CHAPTERS

    1. The Rise Of Bottled Water.........................................................................................................6

    2. No Water, No Bottled Water Market.........................................................................................18

    Physical water scarcity risks............................................................................................................19

    Regulatory risks...............................................................................................................................22

    3. Provincial Matters In Bottling Water.......................................................................................28

    Bottling in the parched North China Plain........................................................................................30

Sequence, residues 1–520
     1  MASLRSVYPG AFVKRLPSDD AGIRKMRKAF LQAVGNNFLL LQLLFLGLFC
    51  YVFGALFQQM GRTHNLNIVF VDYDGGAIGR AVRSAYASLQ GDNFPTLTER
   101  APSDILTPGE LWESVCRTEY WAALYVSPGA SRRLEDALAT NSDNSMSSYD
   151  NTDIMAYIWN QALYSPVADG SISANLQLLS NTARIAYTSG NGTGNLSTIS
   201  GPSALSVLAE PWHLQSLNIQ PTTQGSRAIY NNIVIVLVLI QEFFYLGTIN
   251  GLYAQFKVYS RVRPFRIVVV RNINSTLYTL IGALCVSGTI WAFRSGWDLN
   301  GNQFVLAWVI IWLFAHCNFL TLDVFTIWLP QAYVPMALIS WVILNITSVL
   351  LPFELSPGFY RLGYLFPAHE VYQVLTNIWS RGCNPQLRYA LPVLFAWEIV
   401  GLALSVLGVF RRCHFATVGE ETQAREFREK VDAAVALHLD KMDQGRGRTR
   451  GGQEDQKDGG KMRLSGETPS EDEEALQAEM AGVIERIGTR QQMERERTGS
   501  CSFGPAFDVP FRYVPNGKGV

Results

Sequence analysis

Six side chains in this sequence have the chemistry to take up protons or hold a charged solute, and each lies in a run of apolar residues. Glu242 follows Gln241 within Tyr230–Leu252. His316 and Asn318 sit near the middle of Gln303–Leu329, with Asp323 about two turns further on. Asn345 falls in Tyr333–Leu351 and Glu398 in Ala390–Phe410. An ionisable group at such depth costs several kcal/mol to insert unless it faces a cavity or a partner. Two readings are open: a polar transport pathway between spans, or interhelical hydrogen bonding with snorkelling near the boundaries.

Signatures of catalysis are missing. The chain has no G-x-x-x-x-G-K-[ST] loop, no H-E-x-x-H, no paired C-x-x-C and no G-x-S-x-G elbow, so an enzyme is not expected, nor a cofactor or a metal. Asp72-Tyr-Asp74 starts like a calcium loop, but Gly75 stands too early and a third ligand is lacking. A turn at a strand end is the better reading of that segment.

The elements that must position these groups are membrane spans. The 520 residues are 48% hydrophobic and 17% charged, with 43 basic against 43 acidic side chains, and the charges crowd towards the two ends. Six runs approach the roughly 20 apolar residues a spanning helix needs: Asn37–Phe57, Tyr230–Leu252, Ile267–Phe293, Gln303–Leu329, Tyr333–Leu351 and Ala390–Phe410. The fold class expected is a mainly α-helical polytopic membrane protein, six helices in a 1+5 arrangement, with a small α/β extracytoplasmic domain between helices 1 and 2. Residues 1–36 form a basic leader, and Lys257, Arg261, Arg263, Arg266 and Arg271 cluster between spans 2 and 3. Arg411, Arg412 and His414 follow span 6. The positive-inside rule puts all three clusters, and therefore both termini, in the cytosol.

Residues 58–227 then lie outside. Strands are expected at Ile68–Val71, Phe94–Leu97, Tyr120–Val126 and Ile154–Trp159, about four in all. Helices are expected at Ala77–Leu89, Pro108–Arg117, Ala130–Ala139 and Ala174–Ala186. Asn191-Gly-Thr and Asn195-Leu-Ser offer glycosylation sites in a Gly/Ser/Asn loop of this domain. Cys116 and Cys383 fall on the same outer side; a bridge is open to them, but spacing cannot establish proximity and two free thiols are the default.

Jilin Province & the Changbaishan Region an ever-lasting source of mineral water...................32

    Glacial & spring water: botting upstream at the headwaters of Asias major rivers........................35

    4. In Need Of A Bottled Water Revolution...................................................................................39

    ADDITIONAL INFORMATION

    8 Things You Should Know About Bottled Water In China...................................................................46

    The Rise Of Plastic Walled Cities........................................................................................................54

    ABBREVIATIONS.............................................................................................................................57

    REFERENCES...................................................................................................................................58

    About China Water Risk China

    China Water Risk (CWR) is a non-profit initiative dedicated to addressing business & environmental